You're trail running through Runyon Canyon with your favorite furry friend when the unthinkable happens: growling pit bull blocks your path and attacks Princess. You try to defend her but the pit bull just turns his attentions to you. Dogs are so varied in build and temperament that there is a decent chance you'll encounter (or own) a vicious dog at some point in your life. And if you are unlucky enough to suffer an injury as a result, the subsequent legal process can be daunting.
To help you make sense of what's to come, FindLaw has created this guide to your Los Angeles dog bite case.
California's dog bite law (section 3342) imposes strict liability on owners of dogs that bite someone. This means that you will still be held liable, even if your dog has no history of biting or vicious behavior; in California, every dog does not get one bite.
Although this rule seems straightforward, note some technicalities:
What happens to the dog?
Section 3342.5 (in the link above) provides potential corrective measures that may be taken after a dog attacks someone. Specifically, any individual or specified governmental agencies can bring an action against the animal's owner to determine whether conditions of the dog's treatment or confinement has been changed since the time of the bites to remove the danger presented by the animal.
These actions can only be initiated after the dog has bitten a human on two separate occasions, or if the dog has been trained to fight, attack, or kill and has bitten a human once. After a hearing the court can make any order it deems appropriate to prevent the recurrence of such an incident, including having the animal removed from the area or euthanized.
Many cities in Los Angeles County have municipal codes that differ from the state dog bite law. Some of these codes may eliminate some of the state law's technicalities. For example, the Beverly Hills Municipal Code provides:
Any person owning, controlling, or having care or custody of any animal shall be liable for any injury caused by such animal, and for any damage caused to any public property, or to any private property.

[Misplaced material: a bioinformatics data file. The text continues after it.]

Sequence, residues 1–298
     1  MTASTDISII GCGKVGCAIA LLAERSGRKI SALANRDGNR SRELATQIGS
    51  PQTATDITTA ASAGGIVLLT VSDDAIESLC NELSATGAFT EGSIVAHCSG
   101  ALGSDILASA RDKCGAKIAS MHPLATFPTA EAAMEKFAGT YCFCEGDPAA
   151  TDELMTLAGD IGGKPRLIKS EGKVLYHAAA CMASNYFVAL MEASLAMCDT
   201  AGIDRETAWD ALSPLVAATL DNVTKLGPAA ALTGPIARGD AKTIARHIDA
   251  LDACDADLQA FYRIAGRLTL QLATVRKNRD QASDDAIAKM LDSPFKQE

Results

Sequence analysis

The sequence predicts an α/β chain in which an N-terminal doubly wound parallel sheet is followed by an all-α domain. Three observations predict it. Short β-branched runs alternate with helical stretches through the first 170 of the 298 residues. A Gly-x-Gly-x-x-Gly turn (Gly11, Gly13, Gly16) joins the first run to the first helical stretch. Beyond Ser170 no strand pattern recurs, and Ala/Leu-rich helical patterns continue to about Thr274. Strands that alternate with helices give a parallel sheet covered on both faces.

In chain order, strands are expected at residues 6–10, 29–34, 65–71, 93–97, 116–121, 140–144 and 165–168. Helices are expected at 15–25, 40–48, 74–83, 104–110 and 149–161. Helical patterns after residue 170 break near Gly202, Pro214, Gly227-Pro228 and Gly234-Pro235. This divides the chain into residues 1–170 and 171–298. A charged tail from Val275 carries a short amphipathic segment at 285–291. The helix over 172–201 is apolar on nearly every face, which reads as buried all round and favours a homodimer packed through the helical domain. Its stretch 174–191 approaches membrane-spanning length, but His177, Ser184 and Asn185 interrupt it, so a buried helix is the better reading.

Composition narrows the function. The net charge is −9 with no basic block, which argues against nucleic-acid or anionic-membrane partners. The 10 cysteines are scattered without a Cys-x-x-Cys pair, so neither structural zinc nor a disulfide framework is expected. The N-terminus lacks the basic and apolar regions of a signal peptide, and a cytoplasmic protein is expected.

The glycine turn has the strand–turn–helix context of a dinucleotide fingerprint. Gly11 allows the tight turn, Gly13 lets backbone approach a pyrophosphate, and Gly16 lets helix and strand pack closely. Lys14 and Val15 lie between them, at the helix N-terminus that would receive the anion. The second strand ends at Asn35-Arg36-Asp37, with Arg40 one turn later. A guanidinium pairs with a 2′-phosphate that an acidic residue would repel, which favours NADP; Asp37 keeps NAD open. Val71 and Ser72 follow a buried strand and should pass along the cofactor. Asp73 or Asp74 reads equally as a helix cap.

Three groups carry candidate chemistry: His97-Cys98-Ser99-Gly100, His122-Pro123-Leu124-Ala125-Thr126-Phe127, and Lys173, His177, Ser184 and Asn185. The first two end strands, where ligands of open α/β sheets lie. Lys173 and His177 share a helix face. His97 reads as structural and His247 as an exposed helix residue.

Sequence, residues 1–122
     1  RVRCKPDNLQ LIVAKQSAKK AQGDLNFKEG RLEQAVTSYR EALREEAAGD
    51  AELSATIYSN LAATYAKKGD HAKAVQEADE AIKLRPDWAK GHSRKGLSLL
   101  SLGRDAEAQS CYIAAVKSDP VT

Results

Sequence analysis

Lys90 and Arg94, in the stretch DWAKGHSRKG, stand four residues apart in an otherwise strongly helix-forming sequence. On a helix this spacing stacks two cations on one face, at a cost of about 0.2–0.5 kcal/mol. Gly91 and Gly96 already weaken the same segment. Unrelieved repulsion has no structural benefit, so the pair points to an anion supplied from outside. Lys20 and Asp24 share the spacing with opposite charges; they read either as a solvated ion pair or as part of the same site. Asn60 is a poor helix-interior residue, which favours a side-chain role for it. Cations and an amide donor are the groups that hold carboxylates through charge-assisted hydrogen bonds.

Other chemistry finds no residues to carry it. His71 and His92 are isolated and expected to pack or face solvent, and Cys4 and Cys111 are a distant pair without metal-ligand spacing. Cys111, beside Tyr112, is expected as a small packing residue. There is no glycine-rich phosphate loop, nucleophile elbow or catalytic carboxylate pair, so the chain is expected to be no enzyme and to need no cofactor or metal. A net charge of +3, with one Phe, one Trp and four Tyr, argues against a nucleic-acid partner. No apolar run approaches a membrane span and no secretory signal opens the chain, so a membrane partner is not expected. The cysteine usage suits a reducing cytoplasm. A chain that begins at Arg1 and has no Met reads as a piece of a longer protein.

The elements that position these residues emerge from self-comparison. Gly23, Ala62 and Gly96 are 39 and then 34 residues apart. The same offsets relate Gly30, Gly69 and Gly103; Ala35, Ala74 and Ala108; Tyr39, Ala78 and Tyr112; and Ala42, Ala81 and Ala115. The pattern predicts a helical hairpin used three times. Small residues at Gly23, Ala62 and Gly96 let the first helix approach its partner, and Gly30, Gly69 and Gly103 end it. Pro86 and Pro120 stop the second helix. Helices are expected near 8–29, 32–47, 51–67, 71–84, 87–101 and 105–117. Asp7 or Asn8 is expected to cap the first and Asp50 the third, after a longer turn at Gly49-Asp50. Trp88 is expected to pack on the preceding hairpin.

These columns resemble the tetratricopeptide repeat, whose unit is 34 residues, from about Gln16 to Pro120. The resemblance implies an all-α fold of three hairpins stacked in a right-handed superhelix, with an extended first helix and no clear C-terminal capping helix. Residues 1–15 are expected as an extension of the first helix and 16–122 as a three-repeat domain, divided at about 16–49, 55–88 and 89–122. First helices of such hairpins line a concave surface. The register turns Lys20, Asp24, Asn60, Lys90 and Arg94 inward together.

Vicious Propensities and the One Bite Rule
Alternatively, the injured individual can bring a lawsuit under the common law "one bite rule." Under this doctrine, the keeper of an animal is liable for damages it causes when he is aware of the animal's vicious or dangerous propensities. The two key elements of this claim are: (1) prior dangerous behavior by the dog and (2) the defendant's knowledge of this behavior.
This claim is obviously harder to prove than a strict liability lawsuit under the dog bite statute. However, the statute only applies to the owner of the dog. If you instead wish to bring a lawsuit against someone other than the owner who exerted physical control over the animal, such as a dog walker, this common law doctrine in indispensible.
Negligence Per Se
In California you are presumed to have acted negligently whenever you violate a law and cause an injury that the statute was designed to prevent. This "negligence per se" doctrine (section 669) comes into play in dog bite cases when someone violates animal control laws, such as walking a dog without a leash or letting it roam free without confinement.
It is usually good practice to plead negligence per se in addition to a claim under the dog bite statute in case the statute doesn't apply for some unforeseen reason, for example the injury was a scratch instead of a bite, or if the defendant is not the dog's owner.
California Code of Civil Procedure Section 335.1 provides that all most personal injury lawsuits including dog bites must be filed within two years of the incident. When the statutory time has passed, you lose the right to file a lawsuit.
If you are the defendant in a dog bite case, don't lose hope, there are a couple defenses you can try. First, if the injured individual was trespassing on your property when your dog attacked him, he was not in a lawful public place as required by the dog bite statute.
Although seemingly contradicted by the wording of the dog bite statute, California courts have always permitted the defenses of provocation, assumption of risk, and comparative negligence. Walking towards a dog or petting it is not considered provocation, but taunting or approaching an obviously vicious dog (thus exposing yourself to risks) may prevent recovery.
Finally, you can nitpick the fine print of the dog bite statute for technical inadequacies in the plaintiff's case. You can demonstrate that the injuries were not a bite, but instead a scratch or maybe caused when the dog knocked over the plaintiff. You can also show that you are not the owner of the dog in question, or dispute the identification of the dog.
Tips to Prevent Dog Bites
Check out the Human Society's website for some quick tips about how to protect yourself from a dog attack. If you sense a dog is about to attack you, do not turn your back to it. Instead, remain calm and motionless until the dog loses interest, and then slowly back away. If the dog attacks, try "feeding" it your jacket or purse to slip away.
Contact a qualified attorney.